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Michael Schatz is an assistant professor of quantitative biology at Cold Spring Harbor Laboratory, where he heads the Schatz Lab, and an adjunct professor of Computer Science at Stony Brook[…]

Researcher Michael Schatz explains the challenges and opportunities of storing genetic data in the cloud.

Michael Schatz: My interest in Cloud computing relates to kind of this data analysis, data discovery problem of being able to scan through very large volumes of DNA sequences.  A lot of the technologies that were developed for Cloud computing were actually entirely invented in other disciplines.  So in particular, large-scale Internet companies like Google and Facebook and Twitter had developed these technologies out of necessity.  So one of the key technologies that I utilize, that I look to, is a technology called MapReduce.  It was invented at Google and for a long time this was their secret sauce, if you will, for being able to do these very large studies of many trillions of web pages.  Scanning through trillions of web pages is not so different than scanning through trillions of DNA sequences.  A lot of the approaches that you would use for those studies are exactly the same.  So I borrowed heavily from kind of that sort of community, the text mining database community, and then any sort of discipline where there tends to be large volumes of data, these technologies are rapidly gaining traction just because they are so powerful.  

The first main technical challenge is if we have many thousands of genomes we want to study, how can we load all that information into the Cloud, right?  The way you would want to do that is, you know, through your web browser or through your computer, but the Internet capacity is only so big and if you have to ship, you know, this conceptual pile of two miles of DVDs, to should bring that around on the Internet it takes too long.  There are some ways to overcome this.  It’s a little bit funny to think about it, but in some ways the most practical way to ship very large data sets is to use FedEx or UPS or some sort of physical shipment of hard drives through the mail.  It’s not, you know, it’s not the sexy application that you would want for an Internet company, but that’s the practical way to do it.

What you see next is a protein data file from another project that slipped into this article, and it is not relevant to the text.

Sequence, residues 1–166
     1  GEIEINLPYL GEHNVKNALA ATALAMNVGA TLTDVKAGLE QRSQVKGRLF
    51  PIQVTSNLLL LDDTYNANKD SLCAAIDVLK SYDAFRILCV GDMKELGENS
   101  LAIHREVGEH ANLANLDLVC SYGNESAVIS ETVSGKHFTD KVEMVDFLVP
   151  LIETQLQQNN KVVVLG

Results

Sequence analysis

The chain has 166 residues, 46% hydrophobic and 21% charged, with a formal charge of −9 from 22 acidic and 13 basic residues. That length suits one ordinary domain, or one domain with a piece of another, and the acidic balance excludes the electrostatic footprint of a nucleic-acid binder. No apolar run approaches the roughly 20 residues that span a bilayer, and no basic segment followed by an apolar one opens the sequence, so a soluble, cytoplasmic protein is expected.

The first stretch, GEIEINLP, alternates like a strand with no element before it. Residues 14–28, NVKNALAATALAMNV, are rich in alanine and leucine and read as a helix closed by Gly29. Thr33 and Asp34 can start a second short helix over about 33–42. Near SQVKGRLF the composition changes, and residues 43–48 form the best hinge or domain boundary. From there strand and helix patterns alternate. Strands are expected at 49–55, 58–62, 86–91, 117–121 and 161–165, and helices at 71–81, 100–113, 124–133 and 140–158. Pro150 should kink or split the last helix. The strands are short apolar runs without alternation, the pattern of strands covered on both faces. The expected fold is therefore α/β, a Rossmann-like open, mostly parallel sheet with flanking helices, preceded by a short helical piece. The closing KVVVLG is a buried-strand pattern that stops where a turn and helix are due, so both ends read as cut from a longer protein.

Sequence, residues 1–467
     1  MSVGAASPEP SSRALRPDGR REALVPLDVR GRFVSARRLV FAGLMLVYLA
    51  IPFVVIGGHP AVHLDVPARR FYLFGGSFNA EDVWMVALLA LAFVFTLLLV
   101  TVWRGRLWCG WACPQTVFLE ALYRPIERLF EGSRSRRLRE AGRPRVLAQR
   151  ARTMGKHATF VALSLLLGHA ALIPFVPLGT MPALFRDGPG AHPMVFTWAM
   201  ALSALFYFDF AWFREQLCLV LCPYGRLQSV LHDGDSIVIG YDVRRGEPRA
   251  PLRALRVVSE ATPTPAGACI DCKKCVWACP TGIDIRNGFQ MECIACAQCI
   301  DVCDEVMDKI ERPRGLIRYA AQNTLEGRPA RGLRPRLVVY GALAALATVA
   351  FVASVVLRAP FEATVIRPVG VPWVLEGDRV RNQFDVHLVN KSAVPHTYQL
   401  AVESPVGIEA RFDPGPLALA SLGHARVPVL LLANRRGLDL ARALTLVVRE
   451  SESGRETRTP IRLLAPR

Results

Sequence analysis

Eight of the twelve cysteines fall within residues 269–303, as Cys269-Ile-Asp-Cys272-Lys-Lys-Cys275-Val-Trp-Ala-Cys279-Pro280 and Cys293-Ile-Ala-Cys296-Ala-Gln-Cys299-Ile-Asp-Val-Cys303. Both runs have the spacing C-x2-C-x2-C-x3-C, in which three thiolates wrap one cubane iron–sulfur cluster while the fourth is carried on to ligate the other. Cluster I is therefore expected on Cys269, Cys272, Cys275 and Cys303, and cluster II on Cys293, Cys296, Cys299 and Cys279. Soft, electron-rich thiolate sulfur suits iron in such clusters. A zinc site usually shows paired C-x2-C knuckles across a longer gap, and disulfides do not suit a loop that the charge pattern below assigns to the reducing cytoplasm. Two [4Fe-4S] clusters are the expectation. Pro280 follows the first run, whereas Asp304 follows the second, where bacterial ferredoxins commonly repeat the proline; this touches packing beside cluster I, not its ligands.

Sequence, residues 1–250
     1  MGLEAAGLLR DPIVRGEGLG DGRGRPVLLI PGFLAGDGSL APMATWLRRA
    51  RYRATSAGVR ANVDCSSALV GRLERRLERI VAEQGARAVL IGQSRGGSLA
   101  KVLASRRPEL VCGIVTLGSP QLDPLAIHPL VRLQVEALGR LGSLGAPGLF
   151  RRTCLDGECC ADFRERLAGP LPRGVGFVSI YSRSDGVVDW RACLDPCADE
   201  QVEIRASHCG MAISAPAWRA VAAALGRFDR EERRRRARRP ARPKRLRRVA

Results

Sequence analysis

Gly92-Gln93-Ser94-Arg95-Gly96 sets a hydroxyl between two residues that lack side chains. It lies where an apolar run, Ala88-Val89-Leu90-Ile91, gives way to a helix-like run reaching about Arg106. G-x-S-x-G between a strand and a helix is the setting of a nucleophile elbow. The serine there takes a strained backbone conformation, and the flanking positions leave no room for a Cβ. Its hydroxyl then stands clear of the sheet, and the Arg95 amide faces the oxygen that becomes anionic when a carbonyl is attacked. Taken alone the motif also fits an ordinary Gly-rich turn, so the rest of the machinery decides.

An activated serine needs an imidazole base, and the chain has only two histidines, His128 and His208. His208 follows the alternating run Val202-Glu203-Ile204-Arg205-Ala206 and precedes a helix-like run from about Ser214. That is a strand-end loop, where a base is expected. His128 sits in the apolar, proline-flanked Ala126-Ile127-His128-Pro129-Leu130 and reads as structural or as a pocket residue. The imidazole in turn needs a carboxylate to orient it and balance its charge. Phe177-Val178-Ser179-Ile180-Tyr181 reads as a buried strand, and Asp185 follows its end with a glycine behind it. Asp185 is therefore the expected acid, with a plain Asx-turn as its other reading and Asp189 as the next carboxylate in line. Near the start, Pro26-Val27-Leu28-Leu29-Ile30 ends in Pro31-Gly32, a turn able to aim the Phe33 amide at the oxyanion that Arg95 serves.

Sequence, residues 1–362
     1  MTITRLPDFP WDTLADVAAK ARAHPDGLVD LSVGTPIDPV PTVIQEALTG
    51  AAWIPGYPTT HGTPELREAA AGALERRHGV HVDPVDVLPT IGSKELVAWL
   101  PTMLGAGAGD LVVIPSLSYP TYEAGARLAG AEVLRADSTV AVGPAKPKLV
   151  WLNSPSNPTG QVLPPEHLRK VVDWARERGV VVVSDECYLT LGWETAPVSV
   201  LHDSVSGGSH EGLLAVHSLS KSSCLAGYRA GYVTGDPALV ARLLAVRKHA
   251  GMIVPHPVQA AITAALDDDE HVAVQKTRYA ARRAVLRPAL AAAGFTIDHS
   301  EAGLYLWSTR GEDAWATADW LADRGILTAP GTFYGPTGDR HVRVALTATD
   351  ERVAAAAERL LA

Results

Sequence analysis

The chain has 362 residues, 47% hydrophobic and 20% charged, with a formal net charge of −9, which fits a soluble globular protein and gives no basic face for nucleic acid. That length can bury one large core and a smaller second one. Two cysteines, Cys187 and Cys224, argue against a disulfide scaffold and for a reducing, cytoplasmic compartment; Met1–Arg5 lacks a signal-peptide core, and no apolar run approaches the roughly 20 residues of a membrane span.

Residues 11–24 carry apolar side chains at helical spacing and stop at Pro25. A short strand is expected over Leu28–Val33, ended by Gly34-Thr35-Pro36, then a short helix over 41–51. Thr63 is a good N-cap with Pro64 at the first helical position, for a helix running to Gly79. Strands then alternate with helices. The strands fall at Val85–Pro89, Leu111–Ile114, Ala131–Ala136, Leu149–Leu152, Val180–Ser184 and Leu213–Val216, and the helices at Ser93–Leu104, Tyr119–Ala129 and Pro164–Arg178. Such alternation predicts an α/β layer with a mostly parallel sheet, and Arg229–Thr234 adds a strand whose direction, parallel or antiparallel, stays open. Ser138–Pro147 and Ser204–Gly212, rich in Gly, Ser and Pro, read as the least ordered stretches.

So that’s the main technical barrier.  And then storing data in the Cloud opens up a lot of other challenges.  In particular, there’s a lot of privacy concerns about making sure that that data is really well guarded.  Your genome has a lot of information about who you are, what sort of diseases you’re susceptible to.  It could say a lot about your family, about your children, about your ancestors.  You know, it’s precious information that we definitely don’t want to expose without giving it some consideration.  So the concern is, if all this genetic information is in the Cloud and you’re not careful about how that data is protected, it could leak out, it could, you know, it could accidentally be exposed to other people.  And then also, if big archives are made that has collected many thousands of people, this could suddenly become an attractive target for attackers.

So today we’re a little bit guarded in the sense that this genetic information is decentralized in many different labs so that if there’s a breach in one lab it’s relatively localized.  If everything gets aggregated together it becomes a little bit more risky because it becomes a little bit more attractive as a target.  I think these challenges can be overcome, the encrypting technologies, the authentication technologies.  They exist; they certainly exist.  And there are companies that run with the highest level of security at Amazon Cloud or another Cloud resource.  It is certainly possible to do so, but we’ve just got to be so certain that we get it right on the first try, right?  We don’t want to create this big database that has all this genetic information and then accidentally leave it vulnerable.  So we just have to be really careful about how that’s engineered.  

Directed / Produced by
Jonathan Fowler & Elizabeth Rodd